I’ve always believed that this blessed land was set apart in a special way. In my mind it was a tall, proud city built on rocks stronger than oceans, wind-swept, God-blessed, and teeming with people of all kinds living in harmony and peace. – Ronald Reagan
What I really found unspeakable about the man (Reagan) was his contempt, his brutal contempt, for the poor. – James Baldwin
I will never apologize for the United States of America. I don’t care what the facts are. – George H. W. Bush
Here is another curious contradiction. This is the nation that took radical individualism to extremes seen nowhere else. The United States is the only major nation with significant Libertarian ideologues (for more, see my article The Mythic Foundations of Libertarianism), even if most of them prove to be confused if not hypocritical. And yet, studies show that Americans are more willing to fight if their country goes to war.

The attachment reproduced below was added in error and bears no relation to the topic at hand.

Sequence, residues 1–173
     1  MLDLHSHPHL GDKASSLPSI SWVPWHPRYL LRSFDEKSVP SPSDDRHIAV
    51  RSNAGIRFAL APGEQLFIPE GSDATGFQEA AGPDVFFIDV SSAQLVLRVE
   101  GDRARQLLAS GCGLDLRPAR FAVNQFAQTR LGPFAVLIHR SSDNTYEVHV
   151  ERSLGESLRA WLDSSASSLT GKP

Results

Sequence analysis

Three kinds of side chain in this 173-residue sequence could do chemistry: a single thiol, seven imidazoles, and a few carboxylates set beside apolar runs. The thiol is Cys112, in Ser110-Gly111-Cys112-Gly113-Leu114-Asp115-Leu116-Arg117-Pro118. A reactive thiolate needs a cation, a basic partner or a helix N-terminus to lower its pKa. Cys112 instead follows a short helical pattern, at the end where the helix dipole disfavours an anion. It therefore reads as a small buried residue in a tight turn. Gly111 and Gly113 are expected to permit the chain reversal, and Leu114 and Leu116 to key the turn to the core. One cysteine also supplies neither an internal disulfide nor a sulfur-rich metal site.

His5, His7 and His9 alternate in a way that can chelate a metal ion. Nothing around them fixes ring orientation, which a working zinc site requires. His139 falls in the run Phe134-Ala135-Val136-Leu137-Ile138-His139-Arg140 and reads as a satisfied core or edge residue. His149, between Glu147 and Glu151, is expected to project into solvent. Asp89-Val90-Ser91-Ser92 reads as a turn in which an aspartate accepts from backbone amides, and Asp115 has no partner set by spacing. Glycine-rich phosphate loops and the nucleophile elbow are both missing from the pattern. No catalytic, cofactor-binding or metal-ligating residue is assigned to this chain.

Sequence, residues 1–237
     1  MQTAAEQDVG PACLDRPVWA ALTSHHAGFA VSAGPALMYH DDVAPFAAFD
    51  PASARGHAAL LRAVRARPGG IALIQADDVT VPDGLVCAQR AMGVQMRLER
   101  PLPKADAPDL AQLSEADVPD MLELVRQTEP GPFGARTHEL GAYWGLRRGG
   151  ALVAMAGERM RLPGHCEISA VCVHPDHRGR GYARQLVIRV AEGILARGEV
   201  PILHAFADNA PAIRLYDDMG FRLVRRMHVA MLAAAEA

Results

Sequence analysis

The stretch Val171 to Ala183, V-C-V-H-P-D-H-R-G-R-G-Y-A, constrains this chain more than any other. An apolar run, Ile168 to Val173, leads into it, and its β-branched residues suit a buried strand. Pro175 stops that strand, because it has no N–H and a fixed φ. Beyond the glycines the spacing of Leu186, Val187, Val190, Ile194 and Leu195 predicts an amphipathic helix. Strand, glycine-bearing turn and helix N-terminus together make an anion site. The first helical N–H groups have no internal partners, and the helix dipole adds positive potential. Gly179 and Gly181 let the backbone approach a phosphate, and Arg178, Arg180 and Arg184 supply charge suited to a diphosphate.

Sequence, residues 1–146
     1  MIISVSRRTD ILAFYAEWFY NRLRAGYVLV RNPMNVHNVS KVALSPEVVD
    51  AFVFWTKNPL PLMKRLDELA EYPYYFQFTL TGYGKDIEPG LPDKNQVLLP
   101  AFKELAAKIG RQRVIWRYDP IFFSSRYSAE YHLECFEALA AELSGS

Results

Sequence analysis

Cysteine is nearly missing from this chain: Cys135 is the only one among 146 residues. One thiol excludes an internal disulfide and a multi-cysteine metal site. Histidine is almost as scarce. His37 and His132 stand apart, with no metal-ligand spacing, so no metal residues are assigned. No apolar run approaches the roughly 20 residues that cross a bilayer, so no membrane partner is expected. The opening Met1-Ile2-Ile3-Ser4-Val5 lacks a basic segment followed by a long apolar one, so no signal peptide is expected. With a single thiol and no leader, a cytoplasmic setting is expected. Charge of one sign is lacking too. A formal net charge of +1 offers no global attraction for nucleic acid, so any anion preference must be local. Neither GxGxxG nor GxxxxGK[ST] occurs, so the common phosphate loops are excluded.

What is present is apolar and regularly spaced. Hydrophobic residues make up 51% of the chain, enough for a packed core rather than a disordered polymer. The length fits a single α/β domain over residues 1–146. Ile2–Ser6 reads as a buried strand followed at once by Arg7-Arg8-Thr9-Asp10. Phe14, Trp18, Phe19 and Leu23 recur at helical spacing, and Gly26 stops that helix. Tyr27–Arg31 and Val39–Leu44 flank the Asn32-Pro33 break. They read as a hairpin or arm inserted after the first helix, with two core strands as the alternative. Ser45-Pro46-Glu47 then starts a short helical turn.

This stems not only from our violent heritage and historical isolation from war’s effects, but also from our Protestant moralism and the myth of the Frontier. A majority of us tell pollsters that God is the moral guiding force of American democracy. Therefore, when Americans go to war, they generally define themselves as being on God’s side against evil incarnate. Wars are not simple political conflicts; they are crusades, and evil must be annihilated. Lipset writes, “We have always fought the ‘evil empire.’”